A selection of posters advertising various special events at Pouring Ribbons.
Although menus for special events may find themselves utilized for no more than a single night, by upholding standards concerning typography and layout, these print pieces can lend an added air of legitimacy to a carefully crafted - albeit temporary - cocktail list.
Designed for the Pouring Ribbons Route 66 Menu, this removable label pays homage to a famous roadside stop along the route. Intended to take advantage of the common, and often subconscious, inclination to fidget with a bottle's label, this print piece encourages removal with a message that can only be read from the reverse side, and aids in easy cleaning once the cocktail has been enjoyed.
Borrowing from the early Betty Crocker images by celebrated artist, Charlie Harper, this cookbook combines illustration and photo curation to celebrate cooking with spirits.
Created to advertise the debut of a theoretical modern furniture store, this set of four posters can exist individually or as a connected series.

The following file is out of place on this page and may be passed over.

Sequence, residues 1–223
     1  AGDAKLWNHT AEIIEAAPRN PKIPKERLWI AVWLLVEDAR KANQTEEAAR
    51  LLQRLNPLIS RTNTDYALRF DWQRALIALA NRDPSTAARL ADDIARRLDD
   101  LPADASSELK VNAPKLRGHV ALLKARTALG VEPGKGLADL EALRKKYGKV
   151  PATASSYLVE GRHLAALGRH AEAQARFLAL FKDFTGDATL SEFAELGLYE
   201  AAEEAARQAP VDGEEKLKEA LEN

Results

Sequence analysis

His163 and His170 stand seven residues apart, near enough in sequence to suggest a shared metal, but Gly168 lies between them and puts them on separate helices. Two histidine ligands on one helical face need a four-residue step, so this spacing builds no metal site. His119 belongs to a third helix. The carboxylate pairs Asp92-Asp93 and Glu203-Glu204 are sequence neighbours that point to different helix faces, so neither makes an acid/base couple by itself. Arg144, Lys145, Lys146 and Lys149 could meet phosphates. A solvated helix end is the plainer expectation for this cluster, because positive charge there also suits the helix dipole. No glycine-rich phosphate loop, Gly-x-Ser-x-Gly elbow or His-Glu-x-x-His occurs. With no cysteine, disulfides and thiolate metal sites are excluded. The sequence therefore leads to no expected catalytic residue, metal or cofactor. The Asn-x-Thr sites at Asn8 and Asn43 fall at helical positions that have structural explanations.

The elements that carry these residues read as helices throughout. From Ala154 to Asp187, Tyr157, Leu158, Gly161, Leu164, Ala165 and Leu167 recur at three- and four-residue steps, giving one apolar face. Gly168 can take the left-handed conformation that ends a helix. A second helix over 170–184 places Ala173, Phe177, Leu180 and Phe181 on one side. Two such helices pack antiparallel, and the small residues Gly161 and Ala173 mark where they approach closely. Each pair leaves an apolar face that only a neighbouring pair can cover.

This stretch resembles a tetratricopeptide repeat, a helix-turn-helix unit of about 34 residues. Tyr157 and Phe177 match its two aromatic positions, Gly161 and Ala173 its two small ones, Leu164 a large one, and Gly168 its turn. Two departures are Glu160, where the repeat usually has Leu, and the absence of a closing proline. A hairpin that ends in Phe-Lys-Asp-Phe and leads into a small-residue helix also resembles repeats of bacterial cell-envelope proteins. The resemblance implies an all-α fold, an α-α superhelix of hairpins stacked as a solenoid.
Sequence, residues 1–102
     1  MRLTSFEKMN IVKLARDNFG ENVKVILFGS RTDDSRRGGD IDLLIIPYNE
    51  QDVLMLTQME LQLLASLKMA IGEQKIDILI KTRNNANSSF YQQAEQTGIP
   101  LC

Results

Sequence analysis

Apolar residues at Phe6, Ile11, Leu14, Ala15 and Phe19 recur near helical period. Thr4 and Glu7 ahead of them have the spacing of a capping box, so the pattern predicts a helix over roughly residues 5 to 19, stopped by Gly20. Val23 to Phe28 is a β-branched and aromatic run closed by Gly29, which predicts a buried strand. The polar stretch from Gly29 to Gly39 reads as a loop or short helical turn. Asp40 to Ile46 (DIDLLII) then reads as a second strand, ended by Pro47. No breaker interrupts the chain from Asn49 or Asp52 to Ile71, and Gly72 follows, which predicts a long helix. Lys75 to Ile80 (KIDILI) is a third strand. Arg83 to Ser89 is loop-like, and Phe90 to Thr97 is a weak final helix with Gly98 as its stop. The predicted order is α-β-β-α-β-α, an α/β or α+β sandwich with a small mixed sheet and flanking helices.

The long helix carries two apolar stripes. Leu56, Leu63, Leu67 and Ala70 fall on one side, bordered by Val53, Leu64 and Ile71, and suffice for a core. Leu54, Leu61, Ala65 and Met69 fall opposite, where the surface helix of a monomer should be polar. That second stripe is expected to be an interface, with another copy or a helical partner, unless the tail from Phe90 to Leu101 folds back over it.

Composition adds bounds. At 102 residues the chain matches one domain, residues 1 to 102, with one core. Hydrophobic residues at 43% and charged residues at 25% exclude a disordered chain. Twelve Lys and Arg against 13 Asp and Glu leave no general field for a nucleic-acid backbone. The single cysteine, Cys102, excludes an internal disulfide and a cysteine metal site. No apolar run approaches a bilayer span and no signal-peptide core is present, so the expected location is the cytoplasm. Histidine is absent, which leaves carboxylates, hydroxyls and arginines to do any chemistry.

As a leader in the field of cold-chain packaging, ITS ensures that the most precious of pharmaceutical and biotechnological cargo can be delivered efficiently, to wherever it may be needed, without deterioration.
ITS requested a logo that would display a proper balance between professionalism and warmth while underscoring the technical complexity of this highly specialized field. The final design takes nods from information graphics and vintage-inspired transit campaigns.
Reimagining the identity of this non-profit organization required a sincere understanding of the company's vision. Focusing on its mantra of "Buy One, Give One", a campaign was built upon the concept of this one to one ratio.